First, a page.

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Letters Of Recommendation: An Ethical Conundrum?

The Twitter discussion started with a question: “Serious question, so serious answers only. Student wants a rec letter to work for a Senator who voted not to certify Biden’s win. Do I write the letter?” Multiple parallel threads, interplaying and ignoring one another, simultaneously went off.

The author of the question was careful to clarify that he has written letters for people he disagreed with before. This went beyond that.

#Lawtwitter got busy with the question, with some offering definitive negatives and others saying they would definitely write the letter.

I initially pointed out that the question is a complicated one. Once you say “of course I will write this letter and so should everyone else,” the next question is what you will say in the letter. It’s trickier than just “yes” or “no.” And what does it mean about other letters you would write and not write? What are your limits?

It isn’t an answer to say we should always advocate on behalf of our students, even to the devil himself. Some of us have been able to have a practice solely on the side of the angels (as we perceive them). Also, we have different devils.  I might be fine writing a letter of recommendation to some employers and more squeamish about others, with other colleagues more inclined the opposite direction. Some colleagues may have no devils. And to others, the devil may be deeply personal.

Also, the student isn’t a client. To say that “as lawyers, we have to represent people we may not like” is skirting the issue. Client representation is based on an adversarial model. Everyone deserves equal access to justice. A letter of rec is not adversarial. Unless your student is a Red Sox fan, and you are very much a Yankees fan.

A letter of recommendation is not a compulsory act. I’ve not been put in a position where I felt uncomfortable writing a letter for a student, with the exception of letters to judges with whom I’ve had run-ins such that my name may not contribute in the best possible way to the student’s interest. I’ve written letters for many jobs (not just law), including for people who worked for folks with whom I vehemently disagree. But I’m not required to write them. If I were, it wouldn’t be a letter of recommendation. I might as well get on Yelp and give all fives to every joint that puts pineapple on pizza and uses an Instant Pot because, at that point, my recommendation matters not at all.

Most professors can dodge the ethical bullet by counseling the student to get a different recommender. But that doesn’t answer the question asked by the initial tweet. Or maybe it does. Despite saying you’d write the letter, by counseling the student against it, you are ultimately saying that you really wouldn’t.

For those who would write the letter, there’s another question: Would you write it well? I don’t mean would you TRY to write it well. Of course, you would. But: Would you write it well with that deep subconscious bias swirling within? Do you think you can mask your biases that well, or is Dunning-Kruger at play here?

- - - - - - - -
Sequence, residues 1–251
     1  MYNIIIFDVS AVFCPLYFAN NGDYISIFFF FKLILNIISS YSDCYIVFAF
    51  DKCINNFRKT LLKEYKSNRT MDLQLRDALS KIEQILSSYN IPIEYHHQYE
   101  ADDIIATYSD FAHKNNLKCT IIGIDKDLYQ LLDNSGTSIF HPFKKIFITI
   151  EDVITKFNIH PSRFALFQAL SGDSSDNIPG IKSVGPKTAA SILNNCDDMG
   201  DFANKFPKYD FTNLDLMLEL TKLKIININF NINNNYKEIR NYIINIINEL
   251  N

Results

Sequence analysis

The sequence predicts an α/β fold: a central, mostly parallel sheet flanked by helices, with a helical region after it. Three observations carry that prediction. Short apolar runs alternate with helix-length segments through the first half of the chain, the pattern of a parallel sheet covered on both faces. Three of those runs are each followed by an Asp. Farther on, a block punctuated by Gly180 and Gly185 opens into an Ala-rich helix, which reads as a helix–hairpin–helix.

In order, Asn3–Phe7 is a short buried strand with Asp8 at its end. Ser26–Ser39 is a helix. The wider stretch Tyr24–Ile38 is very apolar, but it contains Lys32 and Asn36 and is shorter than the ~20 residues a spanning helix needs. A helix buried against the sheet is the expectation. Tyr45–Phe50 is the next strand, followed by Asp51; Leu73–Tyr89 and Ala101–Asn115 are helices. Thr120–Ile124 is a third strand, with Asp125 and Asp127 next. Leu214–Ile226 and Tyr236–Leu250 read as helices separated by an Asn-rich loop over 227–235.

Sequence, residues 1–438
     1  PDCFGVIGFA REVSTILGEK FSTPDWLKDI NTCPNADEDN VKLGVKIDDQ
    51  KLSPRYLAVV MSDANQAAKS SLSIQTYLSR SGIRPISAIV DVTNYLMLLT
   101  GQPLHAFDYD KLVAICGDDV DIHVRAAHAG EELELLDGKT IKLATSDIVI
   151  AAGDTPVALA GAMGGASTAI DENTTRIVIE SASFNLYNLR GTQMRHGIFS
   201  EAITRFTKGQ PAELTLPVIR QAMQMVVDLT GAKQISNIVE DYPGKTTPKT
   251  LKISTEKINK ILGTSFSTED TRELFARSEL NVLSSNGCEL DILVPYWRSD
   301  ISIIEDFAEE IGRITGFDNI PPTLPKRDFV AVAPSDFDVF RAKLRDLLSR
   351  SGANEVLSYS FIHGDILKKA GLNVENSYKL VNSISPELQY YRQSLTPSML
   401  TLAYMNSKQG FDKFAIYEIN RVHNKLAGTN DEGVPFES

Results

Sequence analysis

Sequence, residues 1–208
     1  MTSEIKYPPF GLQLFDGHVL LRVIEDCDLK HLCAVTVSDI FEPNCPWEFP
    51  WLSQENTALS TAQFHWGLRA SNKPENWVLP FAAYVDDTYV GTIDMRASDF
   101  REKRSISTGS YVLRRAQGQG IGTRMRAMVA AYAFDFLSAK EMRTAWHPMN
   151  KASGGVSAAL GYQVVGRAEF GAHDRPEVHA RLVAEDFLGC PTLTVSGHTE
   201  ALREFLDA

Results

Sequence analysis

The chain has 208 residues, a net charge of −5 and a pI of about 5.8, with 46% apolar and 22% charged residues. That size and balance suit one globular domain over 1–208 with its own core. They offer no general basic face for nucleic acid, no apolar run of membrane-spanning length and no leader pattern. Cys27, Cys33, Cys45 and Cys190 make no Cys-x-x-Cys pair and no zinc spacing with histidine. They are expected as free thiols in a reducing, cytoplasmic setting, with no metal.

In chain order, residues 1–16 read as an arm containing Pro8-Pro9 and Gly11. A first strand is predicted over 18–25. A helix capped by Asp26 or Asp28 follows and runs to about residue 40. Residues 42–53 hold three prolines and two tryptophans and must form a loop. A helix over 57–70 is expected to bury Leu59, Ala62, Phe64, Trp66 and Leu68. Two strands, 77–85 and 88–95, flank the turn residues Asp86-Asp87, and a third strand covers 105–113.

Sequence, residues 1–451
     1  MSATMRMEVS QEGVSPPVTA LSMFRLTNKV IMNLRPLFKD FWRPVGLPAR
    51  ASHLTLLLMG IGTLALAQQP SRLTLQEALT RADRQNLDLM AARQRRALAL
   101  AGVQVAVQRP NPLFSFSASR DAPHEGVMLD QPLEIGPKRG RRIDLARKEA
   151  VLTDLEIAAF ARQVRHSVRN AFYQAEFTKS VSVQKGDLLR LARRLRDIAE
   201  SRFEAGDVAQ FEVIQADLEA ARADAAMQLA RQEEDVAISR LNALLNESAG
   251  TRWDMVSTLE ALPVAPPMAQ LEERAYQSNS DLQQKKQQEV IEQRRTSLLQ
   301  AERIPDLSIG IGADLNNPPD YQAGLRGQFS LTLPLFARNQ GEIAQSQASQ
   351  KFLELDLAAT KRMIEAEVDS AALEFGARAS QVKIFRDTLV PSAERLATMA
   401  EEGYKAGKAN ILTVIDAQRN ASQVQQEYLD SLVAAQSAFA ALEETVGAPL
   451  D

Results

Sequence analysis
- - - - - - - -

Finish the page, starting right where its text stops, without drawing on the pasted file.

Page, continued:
There are consequences going the other way, too. Saying, “Of course, I would not write the letter” leads to a larger question. If everyone has those same ethical standards, where would such a student go for a letter? Does the answer imply we need more conservatives in the academy? Does your stance extend beyond those who opposed certification to an entire political party?

As I said, I believe the choice of whether to write the letter is a personal decision. To the extent that people wish to impose some uniform standard, I’m suspicious. Much in the same way I have a visceral response every time someone tells me we must all do scholarship the same way, in the same journals, and in the same fashion. Conformity kills sometimes. For example, some schools have threatening administrators who denounce faculty that write letters of rec for student transfer.

I’m not comfortable with absolutes, particularly when law professors are GREAT at being dismissive of hypotheticals created to elicit responses from them because, for the most part, they know full well they can avoid the ethical question in real life. But that’s not a real answer to the question of the tweet, is it?

If you would write ANY letter to ANY employer, what does that say about your core beliefs? Sure, you can mock extreme hypotheticals about whether you’d write a letter of rec for a student who wanted to join a hate group, but there’s a deeper foundational question. If you have no limits, what are your core beliefs? And what does it say about the value of your letter?

If you’d refuse to write the letter to ANY group which you oppose, what does that say about your willingness to engage with opposing viewpoints? What does it say about the degree to which you hold your convictions to be unimpeachable?

And to what degree does the letter have ripple effects? Law professors LOVE to call each other out on Twitter about “how must your students feel when you tweet that (liberal or conservative) stuff,” but letters have that effect too, don’t they? For example, do we consider a letter of rec to MTG for one student to be without impact to transgender students?

As I said, I have my own guidelines as to when I would write a letter of rec, with the presumption being that I’ll write it. But it’s worth thinking about these issues and being understanding with those who have different standards than us.

LawProfBlawg is an anonymous professor at a top 100 law school. You can see more of his musings here. He is way funnier on social media, he claims. Please follow him on Twitter (@lawprofblawg). Email him at